Inspector's email:
Inspector's phone: (803) 627-0625
816 Painted Lady Ct 
Rock Hill SC 29732-7633
Inspector: Ric Adkins
RBI # 48557


129 Doby Creek Ct
Property Inspection Report
Client(s):  Lawrence and Patricia Palladino
Property address:  129 Doby Creek Ct
Fort Mill SC 29715-8748
Inspection date:  Wednesday, December 11, 2013

This report published on Wednesday, December 11, 2013 10:02:50 PM EST

View summary

This report is the exclusive property of this inspection company and the client(s) listed in the report title. Use of this report by any unauthorized persons is prohibited.
This inspection report is to inform you of current conditions observed at the time of the inspection. As a general rule cosmetic deficiencies are considered normal wear and tear and are not within the scope of this inspection.
The inspection did not include testing of radon, mold, termites, pest or rodents.

How to Read this Report
This report is organized by the property's functional areas.  Within each functional area, descriptive information is listed first and is shown in bold type.  Items of concern follow descriptive information.
Concerns are shown and sorted according to these types:
SafetyPoses a risk of injury or death 
Major DefectCorrection likely involves a significant expense 
Repair/ReplaceRecommend repairing or replacing 
Repair/MaintainRecommend repair and/or maintenance 
Minor DefectCorrection likely involves only a minor expense 
MaintainRecommend ongoing maintenance 
EvaluateRecommend evaluation by a specialist 
CommentFor your information 

Wood Destroying Organism Concerns
Concerns relating to wood destroying organisms are shown as follows:
Conducive conditionsConditions conducive for wood destroying insects or organisms (Wood-soil contact, shrubs in contact with siding, roof or plumbing leaks, etc.) 

Click here for a glossary of building construction terms.Contact your inspector If there are terms that you do not understand, or visit the glossary of construction terms at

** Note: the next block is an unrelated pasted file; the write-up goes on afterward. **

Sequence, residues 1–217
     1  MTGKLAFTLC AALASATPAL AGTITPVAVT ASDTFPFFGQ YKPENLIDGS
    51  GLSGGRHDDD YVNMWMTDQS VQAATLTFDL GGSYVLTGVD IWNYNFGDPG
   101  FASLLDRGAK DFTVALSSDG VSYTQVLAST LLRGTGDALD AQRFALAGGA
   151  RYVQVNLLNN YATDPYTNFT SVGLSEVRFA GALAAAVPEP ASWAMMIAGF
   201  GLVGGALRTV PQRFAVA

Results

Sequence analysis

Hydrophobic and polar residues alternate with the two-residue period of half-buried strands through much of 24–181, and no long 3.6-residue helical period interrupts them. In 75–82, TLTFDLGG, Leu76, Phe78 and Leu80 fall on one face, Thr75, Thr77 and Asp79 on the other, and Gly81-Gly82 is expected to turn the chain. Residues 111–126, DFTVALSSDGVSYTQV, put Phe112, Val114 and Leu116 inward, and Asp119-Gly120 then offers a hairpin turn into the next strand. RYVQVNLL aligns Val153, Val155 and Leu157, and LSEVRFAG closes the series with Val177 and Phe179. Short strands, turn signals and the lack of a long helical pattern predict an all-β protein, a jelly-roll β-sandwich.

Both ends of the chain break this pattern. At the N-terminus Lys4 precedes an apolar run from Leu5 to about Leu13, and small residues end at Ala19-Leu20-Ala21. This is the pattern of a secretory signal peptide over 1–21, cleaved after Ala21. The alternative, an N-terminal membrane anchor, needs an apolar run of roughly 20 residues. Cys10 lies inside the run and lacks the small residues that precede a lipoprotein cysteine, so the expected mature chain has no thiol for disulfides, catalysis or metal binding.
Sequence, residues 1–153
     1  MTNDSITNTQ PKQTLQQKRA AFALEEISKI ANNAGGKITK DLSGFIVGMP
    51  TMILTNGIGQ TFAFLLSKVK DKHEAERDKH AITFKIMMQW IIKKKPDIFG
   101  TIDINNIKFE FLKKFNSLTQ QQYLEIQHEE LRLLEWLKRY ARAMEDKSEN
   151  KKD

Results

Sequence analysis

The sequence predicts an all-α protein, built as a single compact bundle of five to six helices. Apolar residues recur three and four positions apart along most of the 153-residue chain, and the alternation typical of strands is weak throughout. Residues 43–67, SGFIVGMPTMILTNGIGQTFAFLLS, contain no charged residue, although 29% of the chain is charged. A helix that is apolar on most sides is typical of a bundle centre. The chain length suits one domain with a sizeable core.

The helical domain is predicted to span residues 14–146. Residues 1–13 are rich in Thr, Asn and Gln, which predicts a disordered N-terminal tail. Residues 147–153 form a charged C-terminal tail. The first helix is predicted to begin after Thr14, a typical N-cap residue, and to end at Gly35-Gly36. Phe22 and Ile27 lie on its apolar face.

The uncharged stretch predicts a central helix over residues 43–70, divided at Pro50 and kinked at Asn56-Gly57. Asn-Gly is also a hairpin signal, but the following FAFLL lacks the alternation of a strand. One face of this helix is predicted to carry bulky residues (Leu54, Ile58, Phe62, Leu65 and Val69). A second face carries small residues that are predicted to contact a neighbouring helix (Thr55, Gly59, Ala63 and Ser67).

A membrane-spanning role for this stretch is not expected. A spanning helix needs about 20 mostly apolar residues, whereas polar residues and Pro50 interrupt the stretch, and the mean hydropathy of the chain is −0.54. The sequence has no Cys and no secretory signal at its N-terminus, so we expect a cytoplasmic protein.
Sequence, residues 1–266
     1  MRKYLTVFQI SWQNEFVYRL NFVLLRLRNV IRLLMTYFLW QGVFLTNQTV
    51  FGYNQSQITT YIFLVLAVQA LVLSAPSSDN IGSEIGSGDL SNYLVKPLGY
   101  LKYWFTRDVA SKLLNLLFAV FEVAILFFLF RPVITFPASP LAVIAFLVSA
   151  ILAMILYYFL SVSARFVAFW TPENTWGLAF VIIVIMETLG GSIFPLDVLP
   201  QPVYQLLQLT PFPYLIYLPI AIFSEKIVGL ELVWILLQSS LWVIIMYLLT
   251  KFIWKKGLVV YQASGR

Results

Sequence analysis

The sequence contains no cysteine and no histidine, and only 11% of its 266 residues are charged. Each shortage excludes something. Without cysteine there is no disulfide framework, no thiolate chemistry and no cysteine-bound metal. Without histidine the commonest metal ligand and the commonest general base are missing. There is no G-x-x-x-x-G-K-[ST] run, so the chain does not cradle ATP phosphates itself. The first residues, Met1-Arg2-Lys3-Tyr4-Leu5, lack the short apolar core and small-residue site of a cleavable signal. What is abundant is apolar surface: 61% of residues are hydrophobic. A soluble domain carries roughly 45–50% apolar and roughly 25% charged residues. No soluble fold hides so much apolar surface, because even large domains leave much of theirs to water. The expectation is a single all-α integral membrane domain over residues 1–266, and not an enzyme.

Table of Contents
General information
Electric service
Water heater
Heating and cooling
Plumbing and laundry
Fireplaces, woodstoves and chimneys
Crawl space
Interior rooms

General information Return to table of contents
Inspector's name: Ric Adkins
Type of building: Single family
Age of building: Constructed in 2001
Time started: 12:45pm
Time finished: 3:15pm
Inspection Fee: $300
Payment method: Check
Present during inspection: Client(s), Realtor(s)
Occupied: Yes
Weather conditions: Clear
Temperature: Cold
Ground condition: Damp
Front of structure faces: North
Main entrance faces: North
Foundation type: Crawlspace
The following items are excluded from this inspection: Security system, Irrigation system, Shed
1) Views of home

Photo 18  

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West side

Photo 20  
East side
Exterior Return to table of contents
Footing material: Poured in place concrete
Foundation material: Post and pier, Brick
Apparent wall structure: Wood frame
Wall covering: Brick veneer, Vinyl
Driveway material: Poured in place concrete
Sidewalk material: Poured in place concrete aggregate
Exterior door material: Solid core wood
2) Waterproof cover(s) over one or more electric receptacles are damaged or broken. This is a safety hazard due to the risk of shock and fire. Damaged covers should be replaced where necessary.

Photo 5  
outlet at front porch

3) A gap exist at one opening around the exterior, such as those where outside gas supply pipes penetrate the exterior. Gaps should be sealed as necessary to prevent moisture intrusion and entry by vermin.

Photo 11  
Gas supply inlet

4) Vegetation such as trees, shrubs and/or vines are in contact with or less than one foot from the structure's exterior. Vegetation can serve as a conduit for wood destroying insects and may retain moisture against the exterior after it rains. Vegetation should be pruned and/or removed as necessary to maintain a one foot clearance between it and the structure's exterior.

Photo 2  

Photo 3  

Photo 6  

5) One outside faucet is missing a backflow prevention devices. These devices reduce the likelihood of polluted or contaminated water entering the potable water supply. This condition can occur when an outside faucet is left in the "on" position with a hose connected and the sprayer head turned off. When pressure in the system fluctuates, water can be drawn back into the water supply pipes from the house. If a chemical sprayer is being used with the hose, those chemicals can enter the water supply pipes.

Recommend installing backflow prevention devices on all exterior hose bibs where missing. They are available at most home improvement stores and are easily installed. For more information, visit:

Photo 22  
Front faucet

6) The exterior finish on the wood trim at the bay window is failing. A qualified contractor should prep (pressure wash, scrape, sand, prime caulk, etc.) and repaint or restain areas as needed and as per standard building practices.

Photo 7  

Photo 8  
Paint is starting to "bubble"

Photo 9